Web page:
FORT WAYNE – Fort Wayne continued its historic move toward an aligned zoning law with Allen County when City Council members voted unanimously Tuesday to approve a new zoning ordinance.
When the process is complete – the Allen County commissioners must still vote on the county version of the law, and the Plan Commission must approve the slew of amendments City Council members adopted – both governments will have adopted total rewrites of their zoning laws for the first time in decades. And for the first time ever, the two laws will be as similar as officials can make them.
This is a big move forward, said Kim Bowman, executive director of the Department of Planning Services. The laws being replaced are so old, they include provisions for haberdasheries and millinery shops.
The city and county had already combined their planning and zoning departments into one entity, but until the updates become law, that department oversees two separate, different ordinances. Officials believe that having two nearly identical laws will make it easier for development, because the rules will be the same no matter where they locate.
Four years in the making, the laws were also written to streamline the approval process. Under the current law, hearings are required for some things that could be handled administratively, and protections for residential neighborhoods that could have been built into the law instead required separate approvals. The new law was also designed to be more user-friendly and now features charts and tables.
Council members proposed 17 amendments to the 440-page document.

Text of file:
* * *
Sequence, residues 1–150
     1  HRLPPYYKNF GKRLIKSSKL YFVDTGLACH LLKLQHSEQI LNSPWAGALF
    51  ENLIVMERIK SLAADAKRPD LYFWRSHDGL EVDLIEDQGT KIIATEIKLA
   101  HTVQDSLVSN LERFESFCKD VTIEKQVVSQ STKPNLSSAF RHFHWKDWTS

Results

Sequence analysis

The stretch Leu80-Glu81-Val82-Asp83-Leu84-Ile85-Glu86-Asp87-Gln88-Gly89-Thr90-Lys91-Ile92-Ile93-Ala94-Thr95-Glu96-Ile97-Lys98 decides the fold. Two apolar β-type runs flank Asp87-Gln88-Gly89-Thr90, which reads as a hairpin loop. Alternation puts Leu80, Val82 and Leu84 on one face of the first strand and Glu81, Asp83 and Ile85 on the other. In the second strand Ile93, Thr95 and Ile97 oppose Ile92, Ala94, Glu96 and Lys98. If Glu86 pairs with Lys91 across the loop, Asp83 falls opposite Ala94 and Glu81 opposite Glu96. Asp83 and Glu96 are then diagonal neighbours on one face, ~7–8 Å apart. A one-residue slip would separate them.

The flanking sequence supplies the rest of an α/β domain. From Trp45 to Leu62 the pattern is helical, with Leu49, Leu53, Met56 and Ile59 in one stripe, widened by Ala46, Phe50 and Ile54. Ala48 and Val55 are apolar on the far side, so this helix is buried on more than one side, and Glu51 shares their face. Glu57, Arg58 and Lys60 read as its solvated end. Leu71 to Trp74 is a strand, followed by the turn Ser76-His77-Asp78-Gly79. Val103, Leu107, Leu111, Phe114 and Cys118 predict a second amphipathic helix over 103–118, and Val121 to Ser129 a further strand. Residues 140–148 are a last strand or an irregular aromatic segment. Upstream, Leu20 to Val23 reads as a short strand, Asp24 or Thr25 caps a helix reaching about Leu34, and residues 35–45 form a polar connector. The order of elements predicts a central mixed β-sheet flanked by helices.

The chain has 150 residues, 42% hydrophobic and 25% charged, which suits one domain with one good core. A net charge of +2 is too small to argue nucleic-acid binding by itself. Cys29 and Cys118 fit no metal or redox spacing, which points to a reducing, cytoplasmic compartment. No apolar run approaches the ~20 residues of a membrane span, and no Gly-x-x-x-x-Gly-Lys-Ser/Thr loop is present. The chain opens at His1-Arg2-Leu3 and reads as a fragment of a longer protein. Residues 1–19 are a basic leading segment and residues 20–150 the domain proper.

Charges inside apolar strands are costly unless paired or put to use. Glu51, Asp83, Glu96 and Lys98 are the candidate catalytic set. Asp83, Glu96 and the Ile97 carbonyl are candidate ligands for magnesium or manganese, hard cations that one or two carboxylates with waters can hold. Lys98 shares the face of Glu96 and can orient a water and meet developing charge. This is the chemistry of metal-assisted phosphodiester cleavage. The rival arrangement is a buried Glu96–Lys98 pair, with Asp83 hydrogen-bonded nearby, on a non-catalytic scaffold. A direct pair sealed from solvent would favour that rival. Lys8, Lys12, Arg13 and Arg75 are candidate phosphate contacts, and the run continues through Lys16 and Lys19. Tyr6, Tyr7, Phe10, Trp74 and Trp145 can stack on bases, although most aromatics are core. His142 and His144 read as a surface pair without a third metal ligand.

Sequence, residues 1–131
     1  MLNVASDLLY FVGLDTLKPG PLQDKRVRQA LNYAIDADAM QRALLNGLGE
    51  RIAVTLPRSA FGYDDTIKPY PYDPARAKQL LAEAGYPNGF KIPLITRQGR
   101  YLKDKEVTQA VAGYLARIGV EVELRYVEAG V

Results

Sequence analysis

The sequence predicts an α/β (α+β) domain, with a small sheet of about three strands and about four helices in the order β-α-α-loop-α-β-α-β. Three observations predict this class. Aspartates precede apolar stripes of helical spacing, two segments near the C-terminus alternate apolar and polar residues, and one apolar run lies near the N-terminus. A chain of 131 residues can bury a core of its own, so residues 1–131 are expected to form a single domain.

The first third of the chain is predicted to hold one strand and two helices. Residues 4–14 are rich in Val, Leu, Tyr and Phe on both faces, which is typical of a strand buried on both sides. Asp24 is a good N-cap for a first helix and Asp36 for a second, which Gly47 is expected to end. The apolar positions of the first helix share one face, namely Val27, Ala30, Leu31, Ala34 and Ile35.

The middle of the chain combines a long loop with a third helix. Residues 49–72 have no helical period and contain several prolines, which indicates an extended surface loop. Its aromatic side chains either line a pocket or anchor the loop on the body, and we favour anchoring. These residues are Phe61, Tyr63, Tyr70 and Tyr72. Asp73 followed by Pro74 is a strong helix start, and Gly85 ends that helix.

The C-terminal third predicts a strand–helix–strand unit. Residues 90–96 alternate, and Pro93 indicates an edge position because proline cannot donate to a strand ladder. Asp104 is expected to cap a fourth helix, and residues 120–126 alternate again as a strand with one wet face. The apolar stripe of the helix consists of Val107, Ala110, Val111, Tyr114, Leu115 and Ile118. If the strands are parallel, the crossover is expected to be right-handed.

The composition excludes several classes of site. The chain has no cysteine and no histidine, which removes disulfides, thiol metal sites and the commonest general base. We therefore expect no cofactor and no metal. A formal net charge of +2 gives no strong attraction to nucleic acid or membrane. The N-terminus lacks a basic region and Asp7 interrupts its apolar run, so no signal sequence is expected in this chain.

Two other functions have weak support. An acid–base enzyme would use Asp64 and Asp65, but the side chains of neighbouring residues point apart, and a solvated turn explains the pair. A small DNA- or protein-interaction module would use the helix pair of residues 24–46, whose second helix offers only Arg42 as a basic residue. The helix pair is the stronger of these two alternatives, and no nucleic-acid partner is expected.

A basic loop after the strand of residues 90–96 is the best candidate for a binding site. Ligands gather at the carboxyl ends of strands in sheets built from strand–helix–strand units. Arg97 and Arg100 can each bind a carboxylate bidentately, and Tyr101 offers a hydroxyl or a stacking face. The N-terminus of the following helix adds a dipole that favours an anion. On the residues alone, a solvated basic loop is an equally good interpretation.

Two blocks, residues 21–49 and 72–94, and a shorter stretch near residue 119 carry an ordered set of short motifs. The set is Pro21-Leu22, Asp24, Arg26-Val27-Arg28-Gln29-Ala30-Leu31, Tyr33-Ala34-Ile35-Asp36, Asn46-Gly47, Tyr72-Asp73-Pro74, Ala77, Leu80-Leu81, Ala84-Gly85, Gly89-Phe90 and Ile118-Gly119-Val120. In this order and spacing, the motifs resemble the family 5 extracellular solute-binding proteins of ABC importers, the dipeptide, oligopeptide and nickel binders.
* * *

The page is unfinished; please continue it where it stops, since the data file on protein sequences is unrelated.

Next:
I think the council did their job, Bowman said. They proposed good amendments. It was very positive, a great discussion and good suggestions.
Most of the amendments dealt with seemingly minor details, such as whether less intensive uses would be allowed on land zoned for industry. Russ Jehl, R-2nd, pointed out that the new ordinance, if not amended, would not have allowed the new Costco or Kelley Chevrolet on Lima Road to be built without rezoning or an exception.
John Crawford, R-at large, proposed amendments to allow billboards on gateway corridors into the city – the new law had prohibited them – but only when five square feet of billboard is removed somewhere else for every one square foot of new billboard put up.
Not all of the zoning package fared well, however: Contentious airport overlay districts around Fort Wayne International Airport and Smith Field were put on hold so a time frame for airport officials to comment on proposed development could be inserted.
Also Tuesday, council members ended property tax breaks for seven businesses that either didnt keep their promises for jobs or investments, were sold or did not file required paperwork despite several notices.
The abatements terminated were for Progressive Hospital of Fort Wayne, Keefer Printing, RMD Resources, Aptera Software, Aptimise Composites, Advantage Direct 365 and McDonalds Corp.